It took more than twenty years, but finally a public figure with brains, leadership and guts has demolished the NRA’s most sacred cow in one fell swoop. I am referring to yesterday’s announcement by Maura Healey, the Massachusetts Attorney General, that assault rifle are no longer welcome in the Bay State. If you own an assault rifle you can keep it (thank goodness because I own three,) but if you want to buy one from a dealer, or if a gun dealer wants to buy one from a wholesaler or manufacturer, that’s not going to happen any more.
The Enforcement Notice issued by Healey’s office restates the definition and description of ‘assault weapon’ incorporated into the 1994 Assault Weapons Ban law, but then prohibits guns from being sold in Massachusetts which meets either a ‘similarity test’ or an ‘interchangeability test’ which basically means an AR without a flash hider, a folding or telescoping stock, or a pistol grip; in other words, if it looks and acts like an AR, it is an AR, extra doo-dads or not. What the AG has done is fashion a legal directive based on the ‘I know it when I see it’ reasoning used by Associate Justice Potter Stewart for deciding pornography cases that came before the Supreme Court.
To understand the gist of Healey’s approach, however, you have to consider the history surrounding the original Assault Weapons Ban. Because recall that the 1994 law expired after ten years, but states that wanted to maintain it could opt out of the expiration, of which Massachusetts was one of seven states which continued the ban. But the 1994 law didn’t ban assault rifles; it banned assault rifles that contained certain design features, such as pistol grips, bayonet lugs, flash hiders and so forth, none of which in any way reduced the lethality of these guns.
What makes the AR design so exceptionally lethal, what makes the AR a weapon of war, is that the manner in which the stock lines up against the bolt and the receiver, the manner in which high-capacity magazines can be dismounted and remounted within the gun and the manner in which the gun can then be charged after receiving a new, fully-loaded magazine allows the operator to get off as many as 60 shots of deadly military ammunition in one minute or less.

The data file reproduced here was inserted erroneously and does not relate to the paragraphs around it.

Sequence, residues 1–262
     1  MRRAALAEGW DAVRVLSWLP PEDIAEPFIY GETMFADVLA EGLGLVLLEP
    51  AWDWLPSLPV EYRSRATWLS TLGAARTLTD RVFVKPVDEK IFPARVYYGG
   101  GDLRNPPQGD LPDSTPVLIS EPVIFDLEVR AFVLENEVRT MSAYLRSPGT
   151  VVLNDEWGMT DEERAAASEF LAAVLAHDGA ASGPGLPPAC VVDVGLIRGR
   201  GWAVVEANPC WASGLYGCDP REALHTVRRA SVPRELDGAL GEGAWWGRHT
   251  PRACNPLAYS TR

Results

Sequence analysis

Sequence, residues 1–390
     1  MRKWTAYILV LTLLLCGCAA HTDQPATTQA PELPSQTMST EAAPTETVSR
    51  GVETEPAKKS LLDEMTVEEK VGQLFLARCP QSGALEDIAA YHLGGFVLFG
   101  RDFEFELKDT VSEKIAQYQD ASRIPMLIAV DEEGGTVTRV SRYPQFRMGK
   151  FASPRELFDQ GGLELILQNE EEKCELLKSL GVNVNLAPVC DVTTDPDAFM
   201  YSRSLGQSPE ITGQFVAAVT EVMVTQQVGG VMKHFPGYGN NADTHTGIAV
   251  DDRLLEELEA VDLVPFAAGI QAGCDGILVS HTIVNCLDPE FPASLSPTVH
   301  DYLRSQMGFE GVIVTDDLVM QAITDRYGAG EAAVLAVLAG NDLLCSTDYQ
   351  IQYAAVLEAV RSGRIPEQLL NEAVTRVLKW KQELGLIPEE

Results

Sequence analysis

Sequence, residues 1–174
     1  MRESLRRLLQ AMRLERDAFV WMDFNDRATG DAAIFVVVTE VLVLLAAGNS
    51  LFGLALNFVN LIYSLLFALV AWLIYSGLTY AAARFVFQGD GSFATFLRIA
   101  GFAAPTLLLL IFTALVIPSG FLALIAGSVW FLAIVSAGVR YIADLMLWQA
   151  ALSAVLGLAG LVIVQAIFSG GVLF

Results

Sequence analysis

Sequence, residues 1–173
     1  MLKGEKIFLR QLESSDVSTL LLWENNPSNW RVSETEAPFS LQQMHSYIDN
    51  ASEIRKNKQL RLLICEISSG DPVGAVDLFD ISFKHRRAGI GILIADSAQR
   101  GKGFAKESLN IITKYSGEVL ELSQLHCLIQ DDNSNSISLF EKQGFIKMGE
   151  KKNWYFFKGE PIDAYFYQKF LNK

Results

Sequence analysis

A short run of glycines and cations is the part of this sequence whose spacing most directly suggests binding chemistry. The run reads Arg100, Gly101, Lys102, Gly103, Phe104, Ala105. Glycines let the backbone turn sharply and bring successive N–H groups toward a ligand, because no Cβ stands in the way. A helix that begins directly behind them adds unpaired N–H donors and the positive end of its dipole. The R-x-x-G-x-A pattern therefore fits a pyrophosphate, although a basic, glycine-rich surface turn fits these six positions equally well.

Why do I call the AR a weapon of war? Because the AR used by battle-zone troops today can be shot in the same semi-auto mode that makes the gun legal for civilian sales. Yes, the military gun also allows for three-shot bursts, and it is the selective-fire feature of the military rifle, the M4, which is touted again and again by Gun-nut Nation as the essential reason why the AR is nothing other than a ‘modern sporting rifle,’ which is no more lethal or dangerous than any other semi-automatic rifle lugged by a hunter or sportsman into the woods. So does this mean that if a trooper on the battlefield decides to set his rifle in semi-auto mode, that he’s now carrying a ‘sporting’ gun?
This totally fabricated crap about how the AR isn’t lethal has set the tone for Gun-nut Nation’s approach to all guns. The issue of gun lethality, not just for the AR, but for all small arms, has been pushed aside in favor of an argument which tries to create the fiction that guns are only dangerous if they get into the ‘wrong’ hands. When guns are carried by law-abiding, armed citizens, they represent an important, indeed indispensable tool for insuring safety and security of all.
Maura Healey’s announcement is a resounding shot across the bow because it sweeps away the rhetorical nonsense cynically foisted on the public to disguise the fact that some guns are simply too dangerous to be put in anyone’s hands. Which is why the AR is not a sporting rifle, because no sporting gun requires a magazine that holds 30 rounds.